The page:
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rosedby the allowed license of the age: where authority foiled he would have recourse (but soberly) to etymology and analogy; and if after all a few paslages remained not reducible to the strict laws of metre by any of the methods above-mentioned, if he were really (as I have supposed him) a sensible critick he would he apt rather t6 expect patiently the solution of his difficulties from more correct manuscripts, of a more complete theory of his author's versification, than to cut the knot by deciding peremptorily that the work was composed without any regard to me* trical rules.
§ 11. I beg leave to pursue the fame course with respect to Chaucer. The great number of verses founding complete even to our ears, which is to be found in all the least corrected copies of his Works, authorizes us to .conclude that he was not ignorant of the laws of metre. Upon this conclusion it is impossible'not to ground a strong presumption that lie intended to observe the same laws in the many other verses which seem to us irregular; and if this was really his intention, what reason can be assigned sufficient to account for his having failed so grossly and repeatedly, as is generally supposed, in an operation which every balladmonger inour days, man, woman, or child, is known to perform with the most unerring exactness, and without any extraordinary fatigue?
§ 13. The offences against metre in an English verse, as has partiy been observed before, must arise either from a superfluity or deficiency of syllables, or from the accents being improperly placed.
§ 14. With respect to the first species of irregularity, I have not taken notice of any superfluities in Chaucer's verses but what may be reduced to just yilumel. O
measure by the usual practices (66) of even modern poets; and this, by the way, is a strong proof of his real attention to metrical rules; for otherwise, if he hart written without any restraint of that kind, a certain proportion of his deviations from measure mult in all probability have been on the side of excess.
§ 15. But.a great number of Chaucer's verses labour under an apparent de6cicncy of a syllable or two. In some of these perhaps the defect may still be supplied from mis. but for the greatest part I am persuaded no such assistance is to Le expected (67);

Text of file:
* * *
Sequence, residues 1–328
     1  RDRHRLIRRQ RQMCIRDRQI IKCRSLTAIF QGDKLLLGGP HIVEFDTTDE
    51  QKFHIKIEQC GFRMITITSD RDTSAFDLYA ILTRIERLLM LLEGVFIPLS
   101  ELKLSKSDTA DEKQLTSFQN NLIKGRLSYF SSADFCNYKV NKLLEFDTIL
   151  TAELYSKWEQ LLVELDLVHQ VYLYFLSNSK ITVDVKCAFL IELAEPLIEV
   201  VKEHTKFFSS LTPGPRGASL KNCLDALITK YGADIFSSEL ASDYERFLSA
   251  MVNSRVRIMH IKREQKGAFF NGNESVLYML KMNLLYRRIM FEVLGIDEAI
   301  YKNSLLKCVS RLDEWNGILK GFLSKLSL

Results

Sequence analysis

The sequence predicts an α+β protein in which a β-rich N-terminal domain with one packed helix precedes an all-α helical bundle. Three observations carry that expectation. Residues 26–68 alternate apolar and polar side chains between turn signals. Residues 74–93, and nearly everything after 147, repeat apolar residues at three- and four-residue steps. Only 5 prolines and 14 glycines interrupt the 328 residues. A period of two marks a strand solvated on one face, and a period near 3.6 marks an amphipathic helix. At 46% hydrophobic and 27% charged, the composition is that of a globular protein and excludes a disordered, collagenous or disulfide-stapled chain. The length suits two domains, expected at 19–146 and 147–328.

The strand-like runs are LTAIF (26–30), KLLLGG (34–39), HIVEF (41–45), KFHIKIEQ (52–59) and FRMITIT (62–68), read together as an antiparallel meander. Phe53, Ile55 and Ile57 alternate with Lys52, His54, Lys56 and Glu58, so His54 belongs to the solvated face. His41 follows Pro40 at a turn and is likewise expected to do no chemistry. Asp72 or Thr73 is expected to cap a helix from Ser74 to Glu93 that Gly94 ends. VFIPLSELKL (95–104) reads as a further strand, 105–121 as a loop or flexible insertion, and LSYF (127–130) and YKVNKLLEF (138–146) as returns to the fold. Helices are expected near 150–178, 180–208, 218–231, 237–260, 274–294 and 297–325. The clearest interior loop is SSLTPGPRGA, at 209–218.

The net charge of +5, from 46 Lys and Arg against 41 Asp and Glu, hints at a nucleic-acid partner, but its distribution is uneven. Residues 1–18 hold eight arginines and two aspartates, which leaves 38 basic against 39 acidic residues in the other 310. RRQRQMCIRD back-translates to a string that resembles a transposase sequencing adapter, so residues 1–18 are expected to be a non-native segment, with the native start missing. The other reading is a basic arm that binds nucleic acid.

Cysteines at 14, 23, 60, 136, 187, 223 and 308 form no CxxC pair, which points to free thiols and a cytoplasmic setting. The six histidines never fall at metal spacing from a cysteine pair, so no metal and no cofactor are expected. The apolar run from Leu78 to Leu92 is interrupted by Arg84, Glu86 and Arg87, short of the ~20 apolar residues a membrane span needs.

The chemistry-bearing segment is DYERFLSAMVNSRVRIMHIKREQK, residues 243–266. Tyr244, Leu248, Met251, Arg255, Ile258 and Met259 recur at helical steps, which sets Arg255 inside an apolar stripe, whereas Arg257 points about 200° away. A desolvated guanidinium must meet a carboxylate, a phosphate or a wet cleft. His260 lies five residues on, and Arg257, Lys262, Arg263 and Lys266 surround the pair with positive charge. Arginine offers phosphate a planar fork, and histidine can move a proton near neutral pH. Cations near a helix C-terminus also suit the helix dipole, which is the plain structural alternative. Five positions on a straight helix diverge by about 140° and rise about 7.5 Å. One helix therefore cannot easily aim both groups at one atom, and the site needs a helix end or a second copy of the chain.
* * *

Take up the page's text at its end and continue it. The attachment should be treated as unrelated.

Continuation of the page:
(66) It is unnecessary to trouble the reader with an enumeration of syncope, api ilrophus, syneephoneiis, Izsc.
QuicquUI hn'-uit tL-lorum armamentaria vatum. They may all, I think, be comprehended in our language under this one general principle, tint ?.n English verse, though chiefly composed of sect of two syllable*, is capable of receiving feet of three fvlUble* in every part os it, provided only one of the three syllables be accented.— In short, whoever can taste the metrical harmony osthe following lines cf Milton will not be eiv.b.irasiVd how to dispose of the (seemingly) superfluous syllables which he may meet with in Chaucer; P. Z. ii. 123. Ominous ] conjecture on the whole success.
302. A pil [ lar of state ] ; deep on his front engra, ven—
658. Celestial spir | stain bon | dage, nor the abyss—
v. 4V5. No Inconvenient di | et, nor too [ light fare.
vii.iii. Things not revealed, which the invis | ible King—. (67) 1 would not he thought to undervalue the mss. which I have not seen, or to discourage those who may have inclination and opportunity to consult them; I only mean to say that where the text is supported (as It generally is in this edit.) by the concurrence of two or three good mss. and the sense is clear and complete, we may safely consider it as tolerably cor
and therefore supposing the text in these cases to be correct, it is worth considering whether the verse also fflay not be made correct by adopting, in certain words, a pronunciation different indeed from modern practice, but which we have: reason to believe was used by the Author himself.